We also agreed that we needed a “team scientist,” because someone has to build those giant mcguffins that the villain (player or NPC) wants to steal or destroy. Eventually, we fit the gadgeteer Particle into this role. His powers, gained in a freak accident, focus on teleportation rather than anything combat-oriented, and we already had plenty of “leap into the melee” Paragons, so we had to struggle for a while with how he’d operate in combat. We eventually hit on the idea of his teleporting various ray-guns and other devices into his hands in battle, making him a fire support character in addition to his out-of-battle role as “tech guy.” To balance his awkward and sometimes inhuman teammates, we made Particle a charming, outgoing man who often serves as the Paragons’ public relations agent.

We also wanted a speedster. Every team needs a speedster, right? One of us hit on the idea of making him a robot named Overclock, and everything about the character immediately fell into place almost magically. Outgoing and friendly to everyone, Overclock is the kind of hero who is as happy retrieving a kid’s lost ball as capturing a villain. Plus, his multi-tasking wireless brain allows him to level up his latest MMO “alt” while going about his daily life. I suspect a lot of us can relate to that!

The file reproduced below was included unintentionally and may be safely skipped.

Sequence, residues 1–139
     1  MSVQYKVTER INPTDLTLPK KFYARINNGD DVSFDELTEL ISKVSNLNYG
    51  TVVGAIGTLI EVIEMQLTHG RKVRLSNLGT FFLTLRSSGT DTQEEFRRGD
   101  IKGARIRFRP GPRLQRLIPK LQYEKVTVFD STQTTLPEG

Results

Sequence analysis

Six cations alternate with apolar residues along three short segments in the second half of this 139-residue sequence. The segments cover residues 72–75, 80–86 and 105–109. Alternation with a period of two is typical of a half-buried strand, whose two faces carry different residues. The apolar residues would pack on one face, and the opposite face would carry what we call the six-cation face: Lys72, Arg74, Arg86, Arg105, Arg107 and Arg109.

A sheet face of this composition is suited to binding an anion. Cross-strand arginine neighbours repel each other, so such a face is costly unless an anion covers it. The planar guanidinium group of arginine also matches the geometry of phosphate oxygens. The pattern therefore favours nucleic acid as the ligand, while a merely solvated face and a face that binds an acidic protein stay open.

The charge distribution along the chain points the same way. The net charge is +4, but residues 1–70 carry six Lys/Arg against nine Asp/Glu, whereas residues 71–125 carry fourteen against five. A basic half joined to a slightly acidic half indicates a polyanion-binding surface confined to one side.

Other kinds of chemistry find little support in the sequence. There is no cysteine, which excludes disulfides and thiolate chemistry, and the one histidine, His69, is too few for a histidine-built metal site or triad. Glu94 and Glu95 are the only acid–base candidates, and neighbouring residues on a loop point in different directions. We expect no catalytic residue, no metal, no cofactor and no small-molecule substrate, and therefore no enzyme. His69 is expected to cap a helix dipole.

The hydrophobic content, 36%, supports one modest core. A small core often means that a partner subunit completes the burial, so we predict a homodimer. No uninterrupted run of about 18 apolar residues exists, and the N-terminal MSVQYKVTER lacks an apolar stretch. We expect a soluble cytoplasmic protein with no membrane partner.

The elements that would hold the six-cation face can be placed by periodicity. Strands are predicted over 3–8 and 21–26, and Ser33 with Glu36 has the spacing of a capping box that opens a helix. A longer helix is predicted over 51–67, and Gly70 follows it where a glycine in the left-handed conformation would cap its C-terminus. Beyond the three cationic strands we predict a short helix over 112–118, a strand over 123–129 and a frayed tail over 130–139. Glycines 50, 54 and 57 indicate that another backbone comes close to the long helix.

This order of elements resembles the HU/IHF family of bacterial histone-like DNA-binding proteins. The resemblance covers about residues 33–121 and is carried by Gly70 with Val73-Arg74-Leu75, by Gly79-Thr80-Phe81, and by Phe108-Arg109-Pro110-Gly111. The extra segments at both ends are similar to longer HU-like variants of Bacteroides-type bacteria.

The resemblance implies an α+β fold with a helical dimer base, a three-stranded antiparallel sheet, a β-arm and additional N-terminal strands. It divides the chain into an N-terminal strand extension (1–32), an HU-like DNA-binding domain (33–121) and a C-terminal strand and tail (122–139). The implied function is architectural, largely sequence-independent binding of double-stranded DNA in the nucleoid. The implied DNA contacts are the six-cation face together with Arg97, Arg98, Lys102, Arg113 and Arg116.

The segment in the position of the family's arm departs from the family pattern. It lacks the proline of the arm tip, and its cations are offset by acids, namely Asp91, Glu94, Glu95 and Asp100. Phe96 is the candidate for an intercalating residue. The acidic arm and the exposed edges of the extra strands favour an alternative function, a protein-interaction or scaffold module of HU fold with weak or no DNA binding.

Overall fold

We also felt we needed a psychic on the team. Like scientists and magicians, they are a fertile source of story plots. At this point, we had a pretty wild crew for our “iconic” team. With Memory, we brought things back to earth, making her an ordinary, well-adjusted person with a happy, moneyed childhood and a celebrity’s comfort in dealing with the public. We also made Memory an heiress, conveniently providing an explanation for how the Paragons can afford to maintain a mansion-base in beautiful Old Bradford, not to mention any other paraphernalia they might need.

Finally, thanks to the need for a stealthy character and one writer’s passion for Japanese culture, we have Arrow Shade. Arrow Shade is a ninja. Arrow Shade does not talk about herself. Arrow Shade will mess you up.